Fans of a popular idol show in China bought millions of dollars’ worth of milk products in a monthslong frenzy, but that wasn’t because they were thirsty.
What they were after were the QR codes that come with the packaging of flavored milk and yogurt, which they scanned in order to vote for their favorite contestants in the talent show. The program was sponsored—you guessed it—by a dairy company.
Much of the millions of bottles and boxes of milk products were resold and donated. But in extreme cases, they were reportedly poured down the drain. The excesses have prompted criticism by Chinese state media as the government has campaigned to ban food waste.
A slew of idol shows modeled after programs in South Korea have taken China by the storm. In these reality shows, contestants spend months living together and competing for spots in a boy or girl group that will debut under a major entertainment company.
While earlier idol competitions asked the audience to vote through text messages, several recent shows, sponsored by dairy brands, ask fans to vote by buying milk products. Fans support their favorite contestants by scanning the QR codes that come with certain types of flavored milk or yogurt.
The intense competition among participants and their fans has turned milk-voting into a million-dollar industry. Fan clubs will typically raise money to bulk-buy milk, and distribute the QR codes printed on the packaging to fans to vote en masse, as each account is allowed limited numbers of votes every day.
During last year’s Tencent idol show Chuang 2020, for example, the top contestants received votes that were worth at least 48 million yuan ($7.4 million) of yogurt, Chinese outlet Southern Weekly reported.
It’s hard to trace where the milk goes after votes are cast. On social media, some fans say they drink the milk themselves—sometimes getting sick from over-consumption—or give them away to friends. Media reports suggest the milk that comes from bulk-buying has been resold at low prices. Some fan groups say they have donated the drinks to charities.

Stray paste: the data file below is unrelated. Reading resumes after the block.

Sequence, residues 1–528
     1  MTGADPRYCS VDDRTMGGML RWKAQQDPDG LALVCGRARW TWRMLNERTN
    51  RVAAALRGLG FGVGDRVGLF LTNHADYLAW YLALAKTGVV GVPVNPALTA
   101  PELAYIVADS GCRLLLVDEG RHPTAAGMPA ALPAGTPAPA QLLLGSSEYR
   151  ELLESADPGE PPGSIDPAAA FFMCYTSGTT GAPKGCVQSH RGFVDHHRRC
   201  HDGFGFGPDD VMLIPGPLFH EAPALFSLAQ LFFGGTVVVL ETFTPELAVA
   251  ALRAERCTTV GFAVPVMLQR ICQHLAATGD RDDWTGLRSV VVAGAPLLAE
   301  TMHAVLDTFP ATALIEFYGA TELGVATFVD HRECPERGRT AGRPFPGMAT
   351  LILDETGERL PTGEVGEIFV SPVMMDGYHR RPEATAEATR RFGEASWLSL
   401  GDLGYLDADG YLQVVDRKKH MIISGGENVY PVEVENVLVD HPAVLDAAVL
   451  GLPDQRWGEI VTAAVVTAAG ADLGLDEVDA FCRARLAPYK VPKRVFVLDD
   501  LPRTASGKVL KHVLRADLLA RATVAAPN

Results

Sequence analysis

But in an unverified video that went viral last month, several people are seen sitting in front of a wall of boxes that contained the yogurt used to vote for contestants in popular idol show Youth With You 3. They were opening the bottles and pouring the drink into a drainage.
The alleged milk dumping has prompted criticism from the government. In a Tuesday commentary, state-run news agency Xinhua slammed the idol programs for encouraging the young generation to waste food.
“This is seeking profits and attention through waste and squander, a lack of respect for labor, and a contempt and breach of the law,” the article said, citing an anti-food waste campaign endorsed by Chinese President Xi Jinping. “The consequence is to mislead youths and erode their pursuit and values.”
Hours after the commentary was published, the government of Beijing said it had ordered iQIYI, a Nasdaq-listed streaming site, to suspend filming the finale of Youth With You 3, which has Blackpink’s Lisa as one of the judges. The company was told to look into its problems and make corrections.
Authorities did not explain why they shelved the show. It could have something to do with another controversy that erupted over the weekend when a top-rated contestant, Tony Yu Jingtian, was said to have both Chinese and Canadian citizenships. The Chinese government does not recognize dual nationality. Rumors also stated Yu’s family was involved in drugs and sex businesses.
Yu denied having done things that “have a negative impact on society.” But he quit the contest following the government order, citing health reasons.
Entertainment stars in China are required to strictly toe the Communist Party’s ideology. Films and TV shows are sometimes pulled after people report celebrities’ misconduct to authorities. Producers have also resorted to blurring the brand labels or the faces of stars that are deemed problematic.
Youth With You 3 pledged to comply with government regulations on its official Weibo page. It’s unclear when the finale will resume and whether or not the milk votes will still be counted. Fans have questioned if all the efforts they spend on milk-voting will go to waste.
Wiki Su, a 26-year-old viewer of Youth With You 3 in Hong Kong, said she had been casting votes for her favorite participant every day for the past month. She sends money to a fan group and receives photos of the QR codes on milk packaging, but she is not aware where exactly the milk goes.
She said wasting milk was wrong, but she also understood the program needed sponsors to continue running.
“This design has made idol contests a money battle,” Su said. “As a fan I don’t want to get involved in boosting traffic data or milk-voting at all. But this is the only way to make sure the contestant I like has a chance of getting noticed in an increasingly competitive industry.”
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